Spartan

5 – Does Your Digital Org Road Map Include Blowing It All Up?

Digital moves quick. Every day it seems like there’s something new to keep up on. When you’re building a digital organization or looking to transform an organization into a more digitally fit one, you have to have a plan. I know that sounds basic. I realize you’re thinking, well gosh Adam, tell me something I don’t know. Ok, now, think for a second; do you have a real 5 year road map for where you’re taking the organization? Does it have vision and strategy? Does it include how you’ll evaluate your progress? For some of you the answer is yes. That’s great. Now, let me ask you, does your plan include and account for blowing up your entire model at some point? I didn’t think so. Why is this important? Part of it is as simple as the old adage, what got you here, won’t get your there. The other part though is that the skills, staffing dynamics, focus, priorities, partners and economic environments change often. While your vision and strategy should be consistent, the road map to get to bright will need to evolve and ultimately, at some point, you’ll need to blow it up if you want to be successful 5 years out from the end of your 5 year road map. We’re 15 months into our journey to be the most digitally fit CPG in the world. It’s a marathon. But, a marathon that we need to run at a sprinter’s pace. The more I think about things though, it might be less marathon and more like a Spartan Challenge style race.  In Spartan Challenges, you need to adapt and adapt quickly and often. You have fire, mud, hills and other obstacles. Those obstacles force you to reassess your path quickly. You need to be nimble, but not sloppy, as you keep your eye on the end goal.

The PowerPoint Conundrum

If you’ve been working professionally for at least 1 year, I’m sure the phrase, “death by PowerPoint” is etched into your brain.  PowerPoint and how we use has become a joke.  A colleague of mine often jokes that with PowerPoint, it’s the one time that there’s too much time spent on foreplay.  I chuckle, but she’s right.  Stop me if you’ve heard this before; but here’s how the typical PowerPoint presentation is structured:

  1. What we’re going to talk about (aka the agenda)
  2. Why we’re (the people in the room) here
  3. The challenge
  4. The research done on the challenge
  5. The hypothesis/point of view/recommendation
  6. The budget
  7. The timing/schedule
  8. The obligatory discussion slide

Are you cowering in the corner, under the harsh light of this reality?  Me too, and I was the one who just wrote it.  Even Microsoft, the architects behind PowerPoint are fed up with this approach.  CEO, Steve Ballmer was recently quoted by the New York Times with the following insight about Microsoft’s decision to move away from death by PowerPoint:

The mode of Microsoft meetings used to be: You come with something we haven’t seen in a slide deck or presentation,” he said. “You deliver the presentation. You probably take what I will call ‘the long and winding road.’ You take the listener through your path of discovery and exploration, and you arrive at a conclusion.

I decided that’s not what I want to do anymore. I don’t think it’s efficient. So most meetings nowadays, you send me the materials and I read them in advance. And I can come in and say: ‘I’ve got the following four questions. Please don’t present the deck.’ That lets us go, whether they’ve organized it that way or not, to their recommendation. And if I have questions about the long and winding road and the data and the supporting evidence, I can ask them. But it gives us greater focus.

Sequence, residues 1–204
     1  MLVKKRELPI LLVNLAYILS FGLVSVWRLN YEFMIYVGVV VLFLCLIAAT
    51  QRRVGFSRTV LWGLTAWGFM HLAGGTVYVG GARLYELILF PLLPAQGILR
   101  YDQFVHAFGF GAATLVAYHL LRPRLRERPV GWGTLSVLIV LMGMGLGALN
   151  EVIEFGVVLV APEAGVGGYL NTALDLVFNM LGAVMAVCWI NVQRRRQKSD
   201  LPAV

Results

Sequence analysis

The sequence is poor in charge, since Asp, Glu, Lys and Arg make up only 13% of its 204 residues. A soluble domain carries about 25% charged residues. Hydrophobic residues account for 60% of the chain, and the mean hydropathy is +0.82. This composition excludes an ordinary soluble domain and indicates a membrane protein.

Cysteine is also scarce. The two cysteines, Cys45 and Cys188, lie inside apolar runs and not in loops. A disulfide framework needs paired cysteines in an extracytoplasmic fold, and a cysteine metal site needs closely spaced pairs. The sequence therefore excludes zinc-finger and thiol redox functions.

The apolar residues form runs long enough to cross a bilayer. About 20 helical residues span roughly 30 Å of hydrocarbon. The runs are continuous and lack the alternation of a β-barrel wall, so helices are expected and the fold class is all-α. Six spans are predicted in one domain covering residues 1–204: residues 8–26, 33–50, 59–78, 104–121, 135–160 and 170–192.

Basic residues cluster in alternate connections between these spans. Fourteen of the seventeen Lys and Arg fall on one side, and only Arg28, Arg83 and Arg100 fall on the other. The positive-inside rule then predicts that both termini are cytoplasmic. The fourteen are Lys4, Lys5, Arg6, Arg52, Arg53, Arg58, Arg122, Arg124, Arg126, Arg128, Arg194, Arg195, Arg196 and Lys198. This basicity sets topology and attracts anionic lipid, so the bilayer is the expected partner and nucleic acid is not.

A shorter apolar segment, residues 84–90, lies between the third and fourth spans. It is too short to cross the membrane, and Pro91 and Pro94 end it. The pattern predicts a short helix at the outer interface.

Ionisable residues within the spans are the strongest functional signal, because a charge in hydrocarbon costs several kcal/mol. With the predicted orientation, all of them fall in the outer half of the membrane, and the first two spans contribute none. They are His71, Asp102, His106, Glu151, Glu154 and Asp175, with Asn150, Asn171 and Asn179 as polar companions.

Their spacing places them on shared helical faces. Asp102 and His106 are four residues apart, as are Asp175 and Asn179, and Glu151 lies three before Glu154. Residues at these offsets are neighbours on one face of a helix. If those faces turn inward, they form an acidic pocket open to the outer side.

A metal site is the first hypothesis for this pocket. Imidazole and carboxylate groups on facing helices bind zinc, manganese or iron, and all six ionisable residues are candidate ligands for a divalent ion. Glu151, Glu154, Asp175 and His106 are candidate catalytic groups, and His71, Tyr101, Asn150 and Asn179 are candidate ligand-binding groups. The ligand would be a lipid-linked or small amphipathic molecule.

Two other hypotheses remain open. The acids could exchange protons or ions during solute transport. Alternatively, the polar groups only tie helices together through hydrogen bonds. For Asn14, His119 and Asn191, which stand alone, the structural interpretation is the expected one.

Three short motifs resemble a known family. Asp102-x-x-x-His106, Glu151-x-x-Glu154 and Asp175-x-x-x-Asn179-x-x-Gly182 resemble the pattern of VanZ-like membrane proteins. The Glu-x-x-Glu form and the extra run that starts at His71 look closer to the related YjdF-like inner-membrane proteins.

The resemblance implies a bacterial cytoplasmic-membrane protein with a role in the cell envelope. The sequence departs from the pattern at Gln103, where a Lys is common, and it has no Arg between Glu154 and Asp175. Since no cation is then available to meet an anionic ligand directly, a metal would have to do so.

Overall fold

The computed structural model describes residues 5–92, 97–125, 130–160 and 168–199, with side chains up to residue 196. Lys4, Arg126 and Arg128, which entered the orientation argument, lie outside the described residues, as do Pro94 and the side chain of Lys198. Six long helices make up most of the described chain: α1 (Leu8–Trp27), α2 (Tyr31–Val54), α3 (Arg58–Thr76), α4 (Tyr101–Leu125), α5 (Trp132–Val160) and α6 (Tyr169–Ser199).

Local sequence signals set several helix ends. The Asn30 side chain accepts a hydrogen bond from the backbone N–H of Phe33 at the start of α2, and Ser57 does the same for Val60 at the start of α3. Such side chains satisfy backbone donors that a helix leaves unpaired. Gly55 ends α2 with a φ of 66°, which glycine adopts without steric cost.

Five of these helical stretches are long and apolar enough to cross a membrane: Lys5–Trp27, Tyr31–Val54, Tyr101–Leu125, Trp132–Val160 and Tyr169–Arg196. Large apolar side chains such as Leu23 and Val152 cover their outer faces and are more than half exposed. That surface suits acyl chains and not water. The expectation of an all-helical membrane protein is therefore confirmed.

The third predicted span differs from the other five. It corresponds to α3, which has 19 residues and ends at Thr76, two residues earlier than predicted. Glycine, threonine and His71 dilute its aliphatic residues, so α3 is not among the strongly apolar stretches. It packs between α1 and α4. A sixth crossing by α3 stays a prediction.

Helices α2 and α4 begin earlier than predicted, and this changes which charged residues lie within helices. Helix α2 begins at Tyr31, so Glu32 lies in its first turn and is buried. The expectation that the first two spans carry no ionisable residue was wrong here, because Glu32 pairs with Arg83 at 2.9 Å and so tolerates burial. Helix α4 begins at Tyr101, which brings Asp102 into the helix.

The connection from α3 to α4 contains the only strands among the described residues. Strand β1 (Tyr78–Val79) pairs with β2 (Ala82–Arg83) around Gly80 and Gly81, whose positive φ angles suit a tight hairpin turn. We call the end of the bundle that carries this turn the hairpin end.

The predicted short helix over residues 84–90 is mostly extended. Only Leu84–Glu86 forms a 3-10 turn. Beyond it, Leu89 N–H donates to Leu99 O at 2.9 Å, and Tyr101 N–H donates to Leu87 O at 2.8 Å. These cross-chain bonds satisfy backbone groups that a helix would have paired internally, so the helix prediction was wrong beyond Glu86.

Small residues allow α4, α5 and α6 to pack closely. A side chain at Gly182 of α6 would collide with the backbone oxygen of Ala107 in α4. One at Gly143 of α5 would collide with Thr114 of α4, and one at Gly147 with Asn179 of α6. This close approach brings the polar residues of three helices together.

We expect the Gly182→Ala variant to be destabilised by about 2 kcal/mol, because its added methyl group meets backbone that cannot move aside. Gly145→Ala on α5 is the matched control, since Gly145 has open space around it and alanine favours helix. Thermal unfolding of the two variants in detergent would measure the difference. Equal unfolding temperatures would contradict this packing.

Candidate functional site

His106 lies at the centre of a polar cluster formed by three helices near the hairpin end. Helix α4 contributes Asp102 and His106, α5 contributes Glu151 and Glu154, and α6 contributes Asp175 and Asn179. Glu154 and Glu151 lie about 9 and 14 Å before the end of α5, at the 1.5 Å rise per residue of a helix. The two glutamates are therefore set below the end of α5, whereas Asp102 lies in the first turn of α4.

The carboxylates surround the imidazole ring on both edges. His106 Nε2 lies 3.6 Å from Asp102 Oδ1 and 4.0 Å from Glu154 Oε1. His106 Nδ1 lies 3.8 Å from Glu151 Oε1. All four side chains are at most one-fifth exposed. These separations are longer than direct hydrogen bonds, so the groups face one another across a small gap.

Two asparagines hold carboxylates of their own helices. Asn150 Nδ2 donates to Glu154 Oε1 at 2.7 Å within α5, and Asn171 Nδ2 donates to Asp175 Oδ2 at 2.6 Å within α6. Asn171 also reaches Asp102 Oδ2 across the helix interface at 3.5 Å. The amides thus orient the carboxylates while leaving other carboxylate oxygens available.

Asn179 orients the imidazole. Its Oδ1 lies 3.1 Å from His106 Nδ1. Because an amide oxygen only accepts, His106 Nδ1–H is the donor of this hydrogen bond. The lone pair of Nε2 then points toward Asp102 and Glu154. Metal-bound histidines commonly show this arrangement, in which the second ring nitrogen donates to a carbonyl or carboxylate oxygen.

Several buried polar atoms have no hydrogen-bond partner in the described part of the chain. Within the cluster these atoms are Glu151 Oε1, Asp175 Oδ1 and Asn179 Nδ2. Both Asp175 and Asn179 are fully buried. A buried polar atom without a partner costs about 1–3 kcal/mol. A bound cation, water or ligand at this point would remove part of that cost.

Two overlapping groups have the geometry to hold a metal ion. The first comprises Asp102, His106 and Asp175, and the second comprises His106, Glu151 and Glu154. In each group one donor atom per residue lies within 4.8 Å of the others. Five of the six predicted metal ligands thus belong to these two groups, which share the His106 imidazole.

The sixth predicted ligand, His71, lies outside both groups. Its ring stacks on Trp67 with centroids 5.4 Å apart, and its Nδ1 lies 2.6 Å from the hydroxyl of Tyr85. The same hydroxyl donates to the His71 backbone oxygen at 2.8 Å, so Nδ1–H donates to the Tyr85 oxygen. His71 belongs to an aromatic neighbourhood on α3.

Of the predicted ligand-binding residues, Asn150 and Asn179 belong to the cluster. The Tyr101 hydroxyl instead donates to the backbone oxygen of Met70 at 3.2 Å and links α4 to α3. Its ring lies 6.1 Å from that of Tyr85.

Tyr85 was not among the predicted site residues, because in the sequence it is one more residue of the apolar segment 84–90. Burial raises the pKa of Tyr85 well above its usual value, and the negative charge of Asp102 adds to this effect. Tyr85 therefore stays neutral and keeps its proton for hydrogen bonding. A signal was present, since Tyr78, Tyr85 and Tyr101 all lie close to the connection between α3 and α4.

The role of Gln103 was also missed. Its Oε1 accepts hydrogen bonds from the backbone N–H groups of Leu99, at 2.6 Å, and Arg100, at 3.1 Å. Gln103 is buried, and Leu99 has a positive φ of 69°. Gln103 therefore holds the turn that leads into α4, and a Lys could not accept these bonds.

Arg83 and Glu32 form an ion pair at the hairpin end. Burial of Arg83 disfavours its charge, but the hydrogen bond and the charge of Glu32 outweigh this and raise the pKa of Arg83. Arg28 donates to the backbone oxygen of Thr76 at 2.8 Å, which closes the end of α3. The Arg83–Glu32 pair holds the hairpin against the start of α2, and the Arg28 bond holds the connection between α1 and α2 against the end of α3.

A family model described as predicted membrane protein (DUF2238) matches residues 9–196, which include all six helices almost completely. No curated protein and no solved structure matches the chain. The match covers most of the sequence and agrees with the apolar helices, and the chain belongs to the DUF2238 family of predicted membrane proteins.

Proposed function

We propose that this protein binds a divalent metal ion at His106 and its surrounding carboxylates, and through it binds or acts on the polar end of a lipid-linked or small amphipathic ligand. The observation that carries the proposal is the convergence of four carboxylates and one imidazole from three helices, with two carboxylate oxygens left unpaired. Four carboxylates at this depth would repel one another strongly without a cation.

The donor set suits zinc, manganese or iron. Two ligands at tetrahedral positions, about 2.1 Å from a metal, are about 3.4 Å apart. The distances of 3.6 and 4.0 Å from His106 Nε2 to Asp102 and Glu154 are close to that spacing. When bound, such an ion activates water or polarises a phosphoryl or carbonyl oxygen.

In theory, that sounds perfect. Doesn’t it? But, it rarely happens, in my experience, for a few reasons:

  1. Lack of Accountability: We sent you the deck ahead of time, with the notes, but you still didn’t read it ahead of time.  Even I’m guilty of this one.
  2. Lack of Trust: Similar to Gladwell’s points in Blink, it’s tough to believe the conclusion, without the foreplay.  All the upfront slides help sell the conclusion.
  3. Reliance On Linear Story Telling: We’ve been taught from a young age that stories are told in a linear fashion, with a beginning, a middle and an end.  Telling stories in a non-linear fashion does not appeal to the lowest common denominator.
  4. The Need To Make The Presenter Dance: And my personal favorite…if you’ve called the meeting to present your “deck,” then I owe it to the room to make you dance, sweat and present.

I’ve seen this behavior daily, especially in the agency-client RFP scenario.  The number of times we’ve been asked to present “credentials” in the final presentation, even though by now (usually round 3) you should know who we are, what we stand for and why you should trust what we say, is just immeasurable.  But, that’s the dance we dance.

It’s not PowerPoint that’s the problem.  PowerPoint, Keynote and the rest are simply tools.  And, great tools in the hands of poor craftsmen are disasters waiting to happen.

So how do we break this cycle?  How do we change this PowerPoint culture?  The short answer is, we won’t anytime soon.  So long as corporate cultures punish risk takers, applaud playing it safe and treat “innovation” as a buzzword instead of a mindset, we’ll be stuck in the PowerPoint Conundrum.

In my own organization, I’ve tried to break free of the PowerPoint Conundrum.  Ironically, I find the people above me on the organizational chart most open to change.  It’s not the top of the pyramid that struggles with change; in fact, they’re often the ones demanding the change.  It’s the rest of the pyramid that has the problem…or rather perpetuates the problem, because they believe the organization isn’t ready for change and it’s better to play it safe.